Response to illness was measured in our study by contact with the health service. This is a blunt instrument to measure parental behaviour, and we are not able to comment on how parents managed illness before a consultation. However, we collected detailed information on the nature and outcome of consultations. The proportion of consultations resulting in no action (representing the least severe illness) and the proportion resulting in referral to secondary care (representing the more severely ill babies) did not differ between the groups, suggesting that the spectrum of illness presenting to the general practitioner was similar for both groups. Prescribing outcomes varied slightly between the groups: more babies in the Baby Check group had been prescribed antibiotics. However, because of the number of comparisons performed on the data it is not possible to conclude that there is a difference between the groups.
We were surprised at the high overall level of prescribing of oral antibiotics for respiratory tract disorders, most of which are likely to be of viral origin. In a randomised controlled trial of prescribing strategies for sore throat, Little and colleagues have shown that such prescribing behaviour is likely to “medicalise” self limiting illness, resulting in increased reattendance and prescribing. 10 11 Reinforcement of this nature may have influenced our results. Further work is required to clarify the effect of prescribing for infants on parental consulting behaviour.
Baby Check as a parent held guideline
Baby Check, which comprises a series of systematically developed statements to assist parents making decisions about appropriate health care and help seeking for illness in infants, is a patient held evidence based guideline.12 An increasing number of healthcare funders and providers use information to try to modify self care and health care demand.13 The Dutch booklet What should I do?, which advises on home management and response to common illnesses, has been claimed to be acceptable to users and to reduce general practitioner consultation rates by 8%,14 although rigorous evaluations have not been published. Studies showing the effect of patient held guidelines are scarce, but information which is relevant, accessible, meaningful, and integrated with formal health care is thought to be important.13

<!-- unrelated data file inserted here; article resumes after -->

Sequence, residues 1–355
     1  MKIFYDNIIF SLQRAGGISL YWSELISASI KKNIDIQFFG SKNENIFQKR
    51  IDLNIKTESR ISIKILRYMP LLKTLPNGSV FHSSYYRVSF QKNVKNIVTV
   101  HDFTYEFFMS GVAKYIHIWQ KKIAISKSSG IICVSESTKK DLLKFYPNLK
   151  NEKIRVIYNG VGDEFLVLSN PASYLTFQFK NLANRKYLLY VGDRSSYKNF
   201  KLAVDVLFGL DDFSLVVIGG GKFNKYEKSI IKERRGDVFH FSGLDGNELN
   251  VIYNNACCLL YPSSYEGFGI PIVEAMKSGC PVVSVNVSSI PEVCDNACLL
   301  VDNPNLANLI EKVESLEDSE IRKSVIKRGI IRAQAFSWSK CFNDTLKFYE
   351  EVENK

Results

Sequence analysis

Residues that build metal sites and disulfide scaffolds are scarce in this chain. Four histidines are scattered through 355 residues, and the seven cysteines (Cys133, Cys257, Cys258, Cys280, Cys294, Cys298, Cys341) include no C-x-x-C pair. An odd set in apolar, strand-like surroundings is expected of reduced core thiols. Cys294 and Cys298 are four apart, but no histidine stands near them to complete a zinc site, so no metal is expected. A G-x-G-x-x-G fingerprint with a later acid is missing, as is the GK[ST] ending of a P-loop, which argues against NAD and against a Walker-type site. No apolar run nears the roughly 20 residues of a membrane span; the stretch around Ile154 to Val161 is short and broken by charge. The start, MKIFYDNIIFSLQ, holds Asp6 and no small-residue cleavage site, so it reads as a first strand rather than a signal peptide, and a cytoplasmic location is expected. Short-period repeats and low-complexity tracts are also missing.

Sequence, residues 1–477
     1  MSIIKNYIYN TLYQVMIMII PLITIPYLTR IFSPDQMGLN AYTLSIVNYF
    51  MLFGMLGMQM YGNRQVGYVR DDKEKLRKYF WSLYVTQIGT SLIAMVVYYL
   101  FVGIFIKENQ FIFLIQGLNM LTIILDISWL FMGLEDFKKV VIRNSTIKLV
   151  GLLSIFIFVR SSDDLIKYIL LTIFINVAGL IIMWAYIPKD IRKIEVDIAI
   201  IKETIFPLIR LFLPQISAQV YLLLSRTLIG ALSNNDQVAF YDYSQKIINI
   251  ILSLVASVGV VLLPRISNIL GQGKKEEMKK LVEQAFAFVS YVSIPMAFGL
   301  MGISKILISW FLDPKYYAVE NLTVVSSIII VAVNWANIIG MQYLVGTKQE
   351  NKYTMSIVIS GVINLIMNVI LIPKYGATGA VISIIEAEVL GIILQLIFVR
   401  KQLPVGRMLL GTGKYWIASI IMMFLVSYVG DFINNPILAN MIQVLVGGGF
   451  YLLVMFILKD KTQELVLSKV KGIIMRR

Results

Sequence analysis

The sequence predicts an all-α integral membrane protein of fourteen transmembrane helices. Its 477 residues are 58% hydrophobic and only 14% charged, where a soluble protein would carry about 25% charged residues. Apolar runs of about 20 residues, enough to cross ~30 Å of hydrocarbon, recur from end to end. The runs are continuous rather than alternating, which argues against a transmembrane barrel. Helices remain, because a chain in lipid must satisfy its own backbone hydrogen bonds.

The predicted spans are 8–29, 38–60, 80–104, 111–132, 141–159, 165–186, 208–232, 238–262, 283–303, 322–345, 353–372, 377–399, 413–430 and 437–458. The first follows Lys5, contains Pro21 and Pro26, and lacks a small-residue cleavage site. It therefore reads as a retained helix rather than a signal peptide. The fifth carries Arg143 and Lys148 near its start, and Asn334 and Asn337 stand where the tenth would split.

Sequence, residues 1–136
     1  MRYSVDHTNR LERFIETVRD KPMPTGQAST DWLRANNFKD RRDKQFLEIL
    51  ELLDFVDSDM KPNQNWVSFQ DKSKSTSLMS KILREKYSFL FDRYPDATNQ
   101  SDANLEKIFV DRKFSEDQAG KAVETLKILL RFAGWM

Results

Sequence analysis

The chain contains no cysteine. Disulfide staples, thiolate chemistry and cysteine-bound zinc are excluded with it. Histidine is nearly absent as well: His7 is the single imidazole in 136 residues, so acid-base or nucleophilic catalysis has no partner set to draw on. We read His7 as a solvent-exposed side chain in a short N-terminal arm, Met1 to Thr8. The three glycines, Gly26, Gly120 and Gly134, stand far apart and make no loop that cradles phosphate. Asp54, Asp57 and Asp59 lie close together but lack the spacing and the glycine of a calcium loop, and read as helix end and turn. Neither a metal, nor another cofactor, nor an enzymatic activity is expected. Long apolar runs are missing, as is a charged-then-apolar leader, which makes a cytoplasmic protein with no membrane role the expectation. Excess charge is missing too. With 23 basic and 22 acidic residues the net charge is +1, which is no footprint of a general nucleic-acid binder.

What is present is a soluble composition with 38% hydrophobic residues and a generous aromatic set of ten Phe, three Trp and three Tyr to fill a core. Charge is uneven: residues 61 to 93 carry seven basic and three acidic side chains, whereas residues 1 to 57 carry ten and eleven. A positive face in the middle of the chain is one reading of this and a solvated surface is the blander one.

Effective dissemination and implementation strategies have proved important in ensuring that clinical guidelines are put into practice,15 and such issues should be considered for patient held guidelines. Endorsement and reinforcement by a health professional may be particularly important in the dissemination of patient held guidelines.16 Information may be interpreted differently by different people,13 and its use will be influenced by unpredictable contextual factors, such as emotional state.17 Baby Check may prove most valuable to a subset of parents who would benefit from a more intense implementation strategy. The identification of such a group is an important area for further study.
We conclude that distributing illness assessment guidelines to an unselected group of mothers may be well received 4 5 but tangible benefits to the parents, babies, or health care providers are difficult to detect. Introducing Baby Check as a routine part of child health care would not change demand for services.
We thank the advisory group for the study: Malcolm Colledge, Dorothy Lawrie, Valerie MacDougall, Robbie Robertson, David Stone, David Tappin, and Graham Watt. We acknowledge the cooperation of the South East Glasgow Primary Care Research Group and all their respective partners, practice managers, health visitors, and reception staff without whom the study would not have been possible. The South East Glasgow Primary Care Research Group consists of: Ronald Fairweather, David Ferguson, Ronald Graham, Moya Kelly, David Leslie, Iain McColl, Valerie MacDougall, Douglas McLachlan, Richard Quigley, John Travers, Peter Wiggins, David Willox. We thank Colin Morley and Joe Kai for helpful discussion at the start of the study, Vikki Entwistle for commenting on the manuscript, and Cherryl Donnelly for secretarial support.
Contributors: HT contributed to the design of the study, collection and analysis of the data, and writing the paper. SR contributed to the conception and design of the study, analysis of data, writing the paper, and is guarantor for the work. PW contributed to the conception and design of the study, identifying and recruiting collaborating practices, and writing the paper. AMcC performed statistical analyses and contributed to writing the paper. RW contributed to the conception and design of the study and writing the paper.
Funding Funding: Chief Scientist Office of the Scottish Office Department of Health funded this study. The views expressed are of the authors and do not necessarily reflect those of the funding body.
Competing interests None declared.